Eating as the key to health
Coral bleaching has severely damaged or killed 30 percent of the world’s coral reefs, turning brightly colored coral a ghostly white. Research shows that some “super-feeding” corals can survive. Photo: Jon Witman/Brown University
Global warming and other threats are killing coral reefs through a phenomenon known as bleaching. But why do some corals survive? A new study, published in Nature, is the first to document a trait that helps some coral species live through, and recover from, bleaching. The survivors’ secret: Ramped up feeding rates.
In an experiment with three species of Hawaiian corals researchers found that, when bleached, the branching coral Montipora capitata sharply increased its intake of tiny plankton, making it much more likely to bounce back. The findings suggest that any coral, regardless of shape or location, may recover from bleaching if it can ramp up feeding.
James Palardy, a Brown University graduate student and co-author of the Nature paper, said the results indicate that these corals may become the dominant species in reefs and could play a role in protecting these critical marine ecosystems.
Wendy Lawton | EurekAlert!
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The formation of stars in distant galaxies is still largely unexplored. For the first time, astron-omers at the University of Geneva have now been able to closely observe a star system six billion light-years away. In doing so, they are confirming earlier simulations made by the University of Zurich. One special effect is made possible by the multiple reflections of images that run through the cosmos like a snake.
Today, astronomers have a pretty accurate idea of how stars were formed in the recent cosmic past. But do these laws also apply to older galaxies? For around a...
Just because someone is smart and well-motivated doesn't mean he or she can learn the visual skills needed to excel at tasks like matching fingerprints, interpreting medical X-rays, keeping track of aircraft on radar displays or forensic face matching.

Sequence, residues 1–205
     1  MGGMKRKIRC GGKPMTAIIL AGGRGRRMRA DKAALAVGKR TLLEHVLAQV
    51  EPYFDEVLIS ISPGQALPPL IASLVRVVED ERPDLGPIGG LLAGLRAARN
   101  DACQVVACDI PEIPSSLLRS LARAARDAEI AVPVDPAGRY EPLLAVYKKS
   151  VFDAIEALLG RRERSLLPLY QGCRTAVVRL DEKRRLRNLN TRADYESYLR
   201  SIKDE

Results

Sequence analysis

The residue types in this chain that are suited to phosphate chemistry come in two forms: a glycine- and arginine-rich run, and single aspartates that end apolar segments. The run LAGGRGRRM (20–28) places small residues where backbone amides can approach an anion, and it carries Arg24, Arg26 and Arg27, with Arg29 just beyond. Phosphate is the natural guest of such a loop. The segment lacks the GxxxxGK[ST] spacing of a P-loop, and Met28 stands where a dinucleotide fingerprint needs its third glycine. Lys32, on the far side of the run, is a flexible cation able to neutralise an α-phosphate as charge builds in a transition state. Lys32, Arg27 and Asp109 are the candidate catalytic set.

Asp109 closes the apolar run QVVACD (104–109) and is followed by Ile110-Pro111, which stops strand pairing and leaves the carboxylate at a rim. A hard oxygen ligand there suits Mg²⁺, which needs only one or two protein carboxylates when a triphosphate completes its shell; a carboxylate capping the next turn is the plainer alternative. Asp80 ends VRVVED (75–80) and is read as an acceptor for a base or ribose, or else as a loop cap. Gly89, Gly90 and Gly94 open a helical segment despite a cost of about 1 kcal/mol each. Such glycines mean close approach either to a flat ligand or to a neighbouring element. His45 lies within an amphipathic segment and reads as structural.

That is the implication of a new study which shows for the first time that there is a broad range of differences in people's visual ability and that these...
Computer Tomography (CT) is a standard procedure in hospitals, but so far, the technology has not been suitable for imaging extremely small objects. In PNAS, a team from the Technical University of Munich (TUM) describes a Nano-CT device that creates three-dimensional x-ray images at resolutions up to 100 nanometers. The first test application: Together with colleagues from the University of Kassel and Helmholtz-Zentrum Geesthacht the researchers analyzed the locomotory system of a velvet worm.
During a CT analysis, the object under investigation is x-rayed and a detector measures the respective amount of radiation absorbed from various angles....
The quantum world is fragile; error correction codes are needed to protect the information stored in a quantum object from the deteriorating effects of noise. Quantum physicists in Innsbruck have developed a protocol to pass quantum information between differently encoded building blocks of a future quantum computer, such as processors and memories. Scientists may use this protocol in the future to build a data bus for quantum computers. The researchers have published their work in the journal Nature Communications.
Future quantum computers will be able to solve problems where conventional computers fail today. We are still far away from any large-scale implementation,...
Pillared graphene would transfer heat better if the theoretical material had a few asymmetric junctions that caused wrinkles, according to Rice University...
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17.11.2017 | Studies and Analyses